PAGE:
It can be very useful in many cases.

However, I have a point, there are two modes very interresting (reflow method and Column toggle mode), but there is a third possible.
Based on an idea by David Bushell : "The tables change orientation on small screens. A horizontal scroll or swipe is used to view more data. The table head is always visible." Here is an example :

What do you think?


@forresst - thanks for the link. That is a nice pattern and we gave that some thought when prototyping possible solutions. Ultimately, we decided that approach wasn't going to be compatible with enough of our target platforms and were concerned that when the technique failed, it could render the content inaccessible. If you we're building a hybrid app for just newer iOS or android, this is a nice pattern. Maybe in a future release when CSS support is better, we can look at adding this.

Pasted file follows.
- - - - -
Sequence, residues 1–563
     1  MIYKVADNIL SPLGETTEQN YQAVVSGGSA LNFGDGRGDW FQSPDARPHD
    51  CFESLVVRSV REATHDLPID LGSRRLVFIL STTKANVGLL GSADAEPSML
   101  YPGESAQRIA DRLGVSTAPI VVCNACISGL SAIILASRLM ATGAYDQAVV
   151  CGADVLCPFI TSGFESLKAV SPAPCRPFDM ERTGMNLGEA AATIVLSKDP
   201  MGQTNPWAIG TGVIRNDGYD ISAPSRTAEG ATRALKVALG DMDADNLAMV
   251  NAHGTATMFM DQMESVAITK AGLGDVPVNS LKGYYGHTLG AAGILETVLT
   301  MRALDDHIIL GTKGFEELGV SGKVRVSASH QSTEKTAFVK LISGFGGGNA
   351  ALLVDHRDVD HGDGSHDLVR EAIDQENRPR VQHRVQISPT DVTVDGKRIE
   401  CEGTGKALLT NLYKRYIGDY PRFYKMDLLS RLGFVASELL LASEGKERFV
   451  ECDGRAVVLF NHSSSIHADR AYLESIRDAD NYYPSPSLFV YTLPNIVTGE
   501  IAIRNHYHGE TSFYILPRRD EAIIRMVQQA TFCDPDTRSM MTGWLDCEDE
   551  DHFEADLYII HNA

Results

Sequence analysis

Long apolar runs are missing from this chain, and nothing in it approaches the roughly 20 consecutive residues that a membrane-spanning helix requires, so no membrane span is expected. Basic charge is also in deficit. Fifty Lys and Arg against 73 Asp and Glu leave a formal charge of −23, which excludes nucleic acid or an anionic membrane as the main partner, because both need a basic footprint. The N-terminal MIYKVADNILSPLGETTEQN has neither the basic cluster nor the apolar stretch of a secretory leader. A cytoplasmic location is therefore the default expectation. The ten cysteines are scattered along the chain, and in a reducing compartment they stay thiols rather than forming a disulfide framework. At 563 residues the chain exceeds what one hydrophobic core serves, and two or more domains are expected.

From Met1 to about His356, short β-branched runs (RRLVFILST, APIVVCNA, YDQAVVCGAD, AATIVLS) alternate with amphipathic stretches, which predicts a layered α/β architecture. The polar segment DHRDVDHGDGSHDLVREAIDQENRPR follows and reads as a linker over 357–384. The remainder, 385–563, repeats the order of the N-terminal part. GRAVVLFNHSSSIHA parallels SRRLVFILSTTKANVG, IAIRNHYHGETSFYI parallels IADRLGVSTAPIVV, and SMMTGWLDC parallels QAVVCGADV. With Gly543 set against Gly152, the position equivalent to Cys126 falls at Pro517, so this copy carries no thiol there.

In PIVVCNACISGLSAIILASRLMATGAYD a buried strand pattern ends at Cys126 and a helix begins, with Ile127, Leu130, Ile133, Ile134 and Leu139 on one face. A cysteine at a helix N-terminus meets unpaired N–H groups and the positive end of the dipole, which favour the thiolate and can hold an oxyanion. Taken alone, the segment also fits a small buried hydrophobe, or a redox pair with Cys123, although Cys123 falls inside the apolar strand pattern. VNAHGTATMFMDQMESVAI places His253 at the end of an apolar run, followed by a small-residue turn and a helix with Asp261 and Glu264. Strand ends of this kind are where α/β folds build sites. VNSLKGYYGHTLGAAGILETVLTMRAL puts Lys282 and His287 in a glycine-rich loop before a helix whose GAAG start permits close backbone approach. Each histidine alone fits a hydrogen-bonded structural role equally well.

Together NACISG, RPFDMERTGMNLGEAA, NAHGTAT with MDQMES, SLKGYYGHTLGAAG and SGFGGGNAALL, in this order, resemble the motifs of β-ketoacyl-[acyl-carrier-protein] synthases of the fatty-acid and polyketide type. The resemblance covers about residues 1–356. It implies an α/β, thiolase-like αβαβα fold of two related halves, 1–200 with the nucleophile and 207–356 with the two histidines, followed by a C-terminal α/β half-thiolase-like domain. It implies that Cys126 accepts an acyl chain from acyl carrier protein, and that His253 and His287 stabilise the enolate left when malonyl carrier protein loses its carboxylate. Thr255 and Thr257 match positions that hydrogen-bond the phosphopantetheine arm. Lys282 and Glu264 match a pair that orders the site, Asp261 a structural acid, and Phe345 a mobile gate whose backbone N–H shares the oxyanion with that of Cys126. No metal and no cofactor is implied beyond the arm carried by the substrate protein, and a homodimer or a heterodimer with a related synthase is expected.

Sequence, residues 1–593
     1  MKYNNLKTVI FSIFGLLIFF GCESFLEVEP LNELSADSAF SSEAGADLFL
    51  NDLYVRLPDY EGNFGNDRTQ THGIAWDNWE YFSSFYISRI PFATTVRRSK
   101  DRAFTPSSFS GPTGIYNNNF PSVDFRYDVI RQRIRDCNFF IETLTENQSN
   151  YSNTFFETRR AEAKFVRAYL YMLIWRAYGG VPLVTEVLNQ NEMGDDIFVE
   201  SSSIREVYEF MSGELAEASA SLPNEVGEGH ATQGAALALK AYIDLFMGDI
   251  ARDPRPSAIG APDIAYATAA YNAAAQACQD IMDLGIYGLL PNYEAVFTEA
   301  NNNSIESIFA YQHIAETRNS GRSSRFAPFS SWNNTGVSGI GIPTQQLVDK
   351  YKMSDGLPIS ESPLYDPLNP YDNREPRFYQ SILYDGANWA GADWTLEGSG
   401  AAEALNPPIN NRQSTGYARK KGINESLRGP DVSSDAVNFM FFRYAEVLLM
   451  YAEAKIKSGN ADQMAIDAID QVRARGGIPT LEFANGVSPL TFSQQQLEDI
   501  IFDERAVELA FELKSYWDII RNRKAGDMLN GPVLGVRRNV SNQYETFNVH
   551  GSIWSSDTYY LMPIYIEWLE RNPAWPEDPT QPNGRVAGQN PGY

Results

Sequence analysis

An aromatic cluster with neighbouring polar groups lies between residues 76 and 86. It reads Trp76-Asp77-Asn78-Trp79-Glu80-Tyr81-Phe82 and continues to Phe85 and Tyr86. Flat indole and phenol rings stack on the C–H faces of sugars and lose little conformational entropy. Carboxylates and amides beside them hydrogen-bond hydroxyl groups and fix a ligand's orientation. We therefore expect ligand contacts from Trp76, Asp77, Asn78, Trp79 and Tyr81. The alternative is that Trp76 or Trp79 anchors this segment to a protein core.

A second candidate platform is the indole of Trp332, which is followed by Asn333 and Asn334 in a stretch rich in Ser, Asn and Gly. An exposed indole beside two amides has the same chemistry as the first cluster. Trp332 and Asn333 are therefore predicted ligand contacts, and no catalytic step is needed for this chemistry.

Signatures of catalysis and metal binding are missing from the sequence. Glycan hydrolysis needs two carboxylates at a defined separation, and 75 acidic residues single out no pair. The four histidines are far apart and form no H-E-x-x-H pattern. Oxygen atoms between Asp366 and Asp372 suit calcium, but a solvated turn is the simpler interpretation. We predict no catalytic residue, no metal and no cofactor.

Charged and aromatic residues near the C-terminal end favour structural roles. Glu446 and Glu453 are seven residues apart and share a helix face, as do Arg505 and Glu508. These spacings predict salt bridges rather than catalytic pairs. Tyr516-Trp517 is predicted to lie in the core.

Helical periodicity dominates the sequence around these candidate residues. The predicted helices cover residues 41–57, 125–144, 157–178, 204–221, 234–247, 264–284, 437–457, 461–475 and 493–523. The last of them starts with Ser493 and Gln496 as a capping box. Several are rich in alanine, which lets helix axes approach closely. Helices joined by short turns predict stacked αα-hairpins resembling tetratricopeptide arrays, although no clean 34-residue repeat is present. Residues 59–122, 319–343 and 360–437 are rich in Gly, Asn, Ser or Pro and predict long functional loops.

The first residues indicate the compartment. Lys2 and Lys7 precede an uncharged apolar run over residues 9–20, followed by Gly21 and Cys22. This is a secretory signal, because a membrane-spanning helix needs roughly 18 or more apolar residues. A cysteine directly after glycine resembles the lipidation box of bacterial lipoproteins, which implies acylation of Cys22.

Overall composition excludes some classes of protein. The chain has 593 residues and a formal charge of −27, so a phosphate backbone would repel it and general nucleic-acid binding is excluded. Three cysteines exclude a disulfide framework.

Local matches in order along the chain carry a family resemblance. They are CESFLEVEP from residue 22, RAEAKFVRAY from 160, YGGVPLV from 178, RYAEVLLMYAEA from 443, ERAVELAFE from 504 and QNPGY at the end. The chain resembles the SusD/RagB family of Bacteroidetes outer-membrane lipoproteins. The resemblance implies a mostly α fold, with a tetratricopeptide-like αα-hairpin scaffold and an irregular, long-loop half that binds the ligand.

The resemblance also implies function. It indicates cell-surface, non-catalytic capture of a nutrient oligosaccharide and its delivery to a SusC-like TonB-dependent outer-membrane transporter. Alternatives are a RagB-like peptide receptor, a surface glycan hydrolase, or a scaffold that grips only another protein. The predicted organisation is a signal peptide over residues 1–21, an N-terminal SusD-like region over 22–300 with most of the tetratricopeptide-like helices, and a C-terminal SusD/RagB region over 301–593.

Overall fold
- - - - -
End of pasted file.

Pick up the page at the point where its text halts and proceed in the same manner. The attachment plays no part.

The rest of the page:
@toddparker OK thank you for your answer.


We just landed this feature in master:

Closing as fixed.

@toddparker toddparker closed this Nov 20, 2012

Love this new widget. When I played around with it, I realised that in some cases it woud be great to be able to let the choice of columns be persistent, using cookies probably. There's no option to switch persistence on, so I figured I'd solve it myself using a 'changed'-event on the popup, but this event is not exposed.

Have you given any thoughts to either of these approaches? Hope I am not too late, now that it is in master.

Great work, thnx!


@jaspergrannetia - don't the checkboxes expose a change event?


I'll look into that. Thnx for the tip.